Philosophical assessments of different religious traditions face two substantial objections, among others. According to one, the very nature of religious traditions as embedded forms of life prevents this philosophical undertaking. According to the other, a philosophical inventory is possible but under its guise no religious tradition will be left standing. I reply to both and then comment on whether there is (or can be) an ideal observation post from which to philosophically elucidate and compare different religious beliefs and practices.
6. The Proceedings of the Twentieth World Congress of Philosophy: Volume > 4
William E. Mann

abstract | view |  rights & permissions | cited by
In the Prologue to his Commentary on the Sentences of Peter Lombard, John Duns Scotus considered five arguments for the claim that humans, equipped only with their native intellectual capacities, would be incapable of discovering the truths most important for their salvation. Scotus endorsed three of the arguments,regarding them as ‘more probable’ than the other two. I shall not attempt detailed analyses of the arguments. Rather, my purpose is to embed the arguments in a more general picture of the epistemology of religious belief. In the course of doing that, I shall suggest that Scotus should have taken one of the two less probable arguments more seriously. I shall argue, finally, that Scotus’s position on belief formation is rationally defensible.
7. The Proceedings of the Twentieth World Congress of Philosophy: Volume > 4
Stephen F. Barker

abstract | view |  rights & permissions | cited by
In “The Will to Believe,” William James affirms that we have some control over what we believe and asks how this control should be exercised. He rejects the evidentialists’ view that we ought to believe only when intellectual grounds make it quite sure that the belief is true. For him, “options” are choices among contrary beliefs. Some options are “living,” “forced,” and “momentous.” James’ thesis concerns belief-options that have these three features and where proof as to the truth is unavailable. He holds that in such cases we have a right to believe, provided believing has better consequences than not believing would. James is correct that sometimes it is permissible to believe without adequate grounds. His view is misleading, though, when he leaves the impression that this is so only where the option is living, forced, momentous, and not settleable by evidence. The right to believe has broader scope than this. Moreover, James’ right to believe presupposes a view of truth at odds with his later pragmatism.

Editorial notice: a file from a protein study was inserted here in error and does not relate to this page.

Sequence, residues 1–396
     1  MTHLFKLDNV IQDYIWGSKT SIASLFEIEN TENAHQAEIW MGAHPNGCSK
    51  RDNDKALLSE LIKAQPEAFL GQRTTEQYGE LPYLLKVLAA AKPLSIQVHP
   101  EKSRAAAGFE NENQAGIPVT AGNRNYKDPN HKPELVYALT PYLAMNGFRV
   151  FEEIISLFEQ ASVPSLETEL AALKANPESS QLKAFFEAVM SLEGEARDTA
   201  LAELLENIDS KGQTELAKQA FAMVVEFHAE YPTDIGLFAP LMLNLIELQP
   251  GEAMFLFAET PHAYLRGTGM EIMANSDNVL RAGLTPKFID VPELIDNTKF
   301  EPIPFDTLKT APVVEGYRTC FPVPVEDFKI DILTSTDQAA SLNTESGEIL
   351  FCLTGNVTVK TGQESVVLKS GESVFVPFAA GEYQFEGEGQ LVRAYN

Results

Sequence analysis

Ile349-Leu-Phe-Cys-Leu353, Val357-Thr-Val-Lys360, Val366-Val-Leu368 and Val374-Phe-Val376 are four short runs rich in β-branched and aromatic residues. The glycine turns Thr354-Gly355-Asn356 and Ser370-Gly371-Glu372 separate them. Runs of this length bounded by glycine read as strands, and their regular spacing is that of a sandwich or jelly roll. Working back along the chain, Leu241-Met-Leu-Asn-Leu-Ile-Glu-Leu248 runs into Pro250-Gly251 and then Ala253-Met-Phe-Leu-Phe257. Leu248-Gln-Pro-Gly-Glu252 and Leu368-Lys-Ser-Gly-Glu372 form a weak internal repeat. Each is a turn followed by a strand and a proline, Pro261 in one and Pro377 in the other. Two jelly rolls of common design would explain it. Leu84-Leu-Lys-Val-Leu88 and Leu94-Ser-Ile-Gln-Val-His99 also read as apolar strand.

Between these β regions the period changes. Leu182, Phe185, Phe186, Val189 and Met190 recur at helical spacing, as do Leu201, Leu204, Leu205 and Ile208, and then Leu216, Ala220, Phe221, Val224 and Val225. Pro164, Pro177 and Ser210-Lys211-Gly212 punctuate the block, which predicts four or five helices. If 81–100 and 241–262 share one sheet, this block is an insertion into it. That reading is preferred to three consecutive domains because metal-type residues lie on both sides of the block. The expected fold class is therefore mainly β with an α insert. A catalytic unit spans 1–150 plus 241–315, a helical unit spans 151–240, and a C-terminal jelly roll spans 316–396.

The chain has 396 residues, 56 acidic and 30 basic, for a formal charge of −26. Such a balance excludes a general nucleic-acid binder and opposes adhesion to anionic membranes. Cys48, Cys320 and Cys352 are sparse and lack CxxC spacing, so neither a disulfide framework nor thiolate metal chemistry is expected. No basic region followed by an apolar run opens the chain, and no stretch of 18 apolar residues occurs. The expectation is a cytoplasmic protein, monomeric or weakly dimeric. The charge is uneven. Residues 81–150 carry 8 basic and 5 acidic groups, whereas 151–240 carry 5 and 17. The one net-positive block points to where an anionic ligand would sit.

8. The Proceedings of the Twentieth World Congress of Philosophy: Volume > 4
Guy Axtell

abstract | view |  rights & permissions | cited by
The criteria of “forced, live, and momentous options,” as William James utilized them in his pragmatic defense of religious belief, cannot, I argue, both support religious pluralism and acknowledge lessons about failure of epistemic responsibility in Heaven’s Gate-followers. But I attempt to re-vitalize the pragmatic argument, showing it capable of walking this narrow line. I proceed (1) by developing the distinction and relationship between a commitment to a particular religious system or community, and a commitment to the generic “religious hypothesis” itself; and (2) by explicating and expanding upon the “experimental” status—and associated pragmatic criteria for success or failure—that James already recognized for commitments to particular religious communities. I thus show how the “pragmatic argument” takes on heightened significance—and renewed promise—in light of problems associated with New Age and so-called “cult” religiosity.
9. The Proceedings of the Twentieth World Congress of Philosophy: Volume > 4
William P. Alston

abstract | view |  rights & permissions | cited by
In what follows, I discuss the extent to which the epistemology of religious belief differs from the epistemology of other areas of our belief, as well as the extent to which it is similar. There will be important similarities: for example, the standards for the application of terms of epistemic assessment like ‘justified’, ‘warranted’,and ‘rational’. But in this essay, I concentrate on delineating some important differences between religious and non-religious epistemology.
10. The Proceedings of the Twentieth World Congress of Philosophy: Volume > 4
Gary Gutting

abstract | view |  rights & permissions | cited by